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    Cannot tell if this is satirical... Reminds me of the worst GMing advice from 1978...

    When running deity-level AD&D I have used moderate versions of some of these techniques, but I don't like taking an adversarial screw-the-players approach.

  5. #5
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    Oh dear...

    I really hope this was a joke. If serious, it is some of the worst advice I have seen in a long time.

  6. #6
    Quote Originally Posted by S'mon View Post
    Cannot tell if this is satirical... Reminds me of the worst GMing advice from 1978...
    Yeah, just like in previous articles from Challenger RPG I somehow fail to get the joke. It looks too much like it's supposed to be genuine advice to be funny.

  7. #7
    Yes, it's meant to be funny (not serious), sorry for any confusion.

    To quote myself, "...These ultra-baddies should also be able to detect invisibility, wield insane magic, and have 200 billion intelligence scores."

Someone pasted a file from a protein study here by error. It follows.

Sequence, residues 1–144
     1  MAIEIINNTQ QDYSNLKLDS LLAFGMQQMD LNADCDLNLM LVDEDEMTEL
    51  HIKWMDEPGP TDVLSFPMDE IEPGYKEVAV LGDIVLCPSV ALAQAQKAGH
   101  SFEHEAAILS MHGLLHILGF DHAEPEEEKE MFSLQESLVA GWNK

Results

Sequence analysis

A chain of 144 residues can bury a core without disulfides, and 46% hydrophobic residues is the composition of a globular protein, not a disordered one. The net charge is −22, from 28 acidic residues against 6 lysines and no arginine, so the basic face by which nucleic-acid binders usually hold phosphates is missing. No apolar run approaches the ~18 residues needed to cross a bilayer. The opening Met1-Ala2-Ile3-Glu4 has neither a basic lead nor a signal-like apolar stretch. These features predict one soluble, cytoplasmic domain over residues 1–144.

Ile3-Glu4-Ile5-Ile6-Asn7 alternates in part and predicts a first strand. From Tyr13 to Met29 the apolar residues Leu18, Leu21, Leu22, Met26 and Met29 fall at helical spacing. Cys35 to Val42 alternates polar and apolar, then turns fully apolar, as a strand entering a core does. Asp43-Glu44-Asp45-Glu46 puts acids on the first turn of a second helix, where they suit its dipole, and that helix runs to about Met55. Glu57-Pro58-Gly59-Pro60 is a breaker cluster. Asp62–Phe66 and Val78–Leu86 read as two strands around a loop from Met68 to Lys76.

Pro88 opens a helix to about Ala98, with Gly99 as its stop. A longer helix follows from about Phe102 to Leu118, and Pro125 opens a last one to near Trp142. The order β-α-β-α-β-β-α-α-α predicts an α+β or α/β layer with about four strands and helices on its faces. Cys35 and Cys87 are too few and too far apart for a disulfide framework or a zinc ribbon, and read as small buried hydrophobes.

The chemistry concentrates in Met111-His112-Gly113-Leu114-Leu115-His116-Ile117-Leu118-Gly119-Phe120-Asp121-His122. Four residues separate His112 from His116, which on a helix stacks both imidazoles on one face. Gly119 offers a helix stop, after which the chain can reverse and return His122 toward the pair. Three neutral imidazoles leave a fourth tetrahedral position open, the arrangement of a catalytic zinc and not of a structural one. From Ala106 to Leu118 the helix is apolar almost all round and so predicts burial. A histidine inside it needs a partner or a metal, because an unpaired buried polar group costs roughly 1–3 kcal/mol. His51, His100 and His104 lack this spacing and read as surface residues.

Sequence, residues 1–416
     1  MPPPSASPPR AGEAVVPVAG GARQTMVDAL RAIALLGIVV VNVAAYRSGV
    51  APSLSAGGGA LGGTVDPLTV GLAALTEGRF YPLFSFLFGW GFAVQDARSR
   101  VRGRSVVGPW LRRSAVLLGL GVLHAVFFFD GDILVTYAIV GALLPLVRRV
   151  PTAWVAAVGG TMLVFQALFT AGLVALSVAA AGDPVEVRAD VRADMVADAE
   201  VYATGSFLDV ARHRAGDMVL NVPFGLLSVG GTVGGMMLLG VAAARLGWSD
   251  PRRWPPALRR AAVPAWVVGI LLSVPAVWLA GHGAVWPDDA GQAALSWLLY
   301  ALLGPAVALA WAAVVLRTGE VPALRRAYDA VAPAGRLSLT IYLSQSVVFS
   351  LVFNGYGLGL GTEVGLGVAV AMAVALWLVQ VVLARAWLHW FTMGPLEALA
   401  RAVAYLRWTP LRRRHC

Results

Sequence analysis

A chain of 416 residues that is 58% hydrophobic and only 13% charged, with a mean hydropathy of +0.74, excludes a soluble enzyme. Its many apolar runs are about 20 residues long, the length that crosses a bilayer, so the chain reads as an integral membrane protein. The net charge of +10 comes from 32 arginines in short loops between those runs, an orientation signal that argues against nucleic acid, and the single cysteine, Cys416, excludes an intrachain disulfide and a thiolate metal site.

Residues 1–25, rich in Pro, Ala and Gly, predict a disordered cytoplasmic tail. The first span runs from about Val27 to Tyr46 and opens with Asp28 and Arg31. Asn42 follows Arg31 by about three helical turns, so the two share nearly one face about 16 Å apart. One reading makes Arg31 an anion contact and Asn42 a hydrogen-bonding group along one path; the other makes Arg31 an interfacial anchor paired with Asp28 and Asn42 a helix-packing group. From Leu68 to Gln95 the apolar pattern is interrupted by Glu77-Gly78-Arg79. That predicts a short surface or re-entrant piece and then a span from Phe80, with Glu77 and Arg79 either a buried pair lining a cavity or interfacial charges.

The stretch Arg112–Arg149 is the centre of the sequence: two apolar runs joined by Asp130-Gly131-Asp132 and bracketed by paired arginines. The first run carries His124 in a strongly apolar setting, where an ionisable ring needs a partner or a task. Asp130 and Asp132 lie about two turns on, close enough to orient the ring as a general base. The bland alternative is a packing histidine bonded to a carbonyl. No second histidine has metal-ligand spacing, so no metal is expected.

Last edited by Challenger RPG; Thursday, 29th November, 2012 at 07:00 PM.

  8. #8
    I'm guessing that the author missed his mark for target audience. By the comments, the audience was looking for something more insightful to the problem, rather than something meant to be humor.

    For instance, in my view, PCs start with a mininimal social network. They don't get missions from the king at 1st level. But as they rise in level, their accomplishments get the notice of higher level people. So at 10th level, the party is hob-nobbing with the king, and giving him advice on his problem with the western provinces.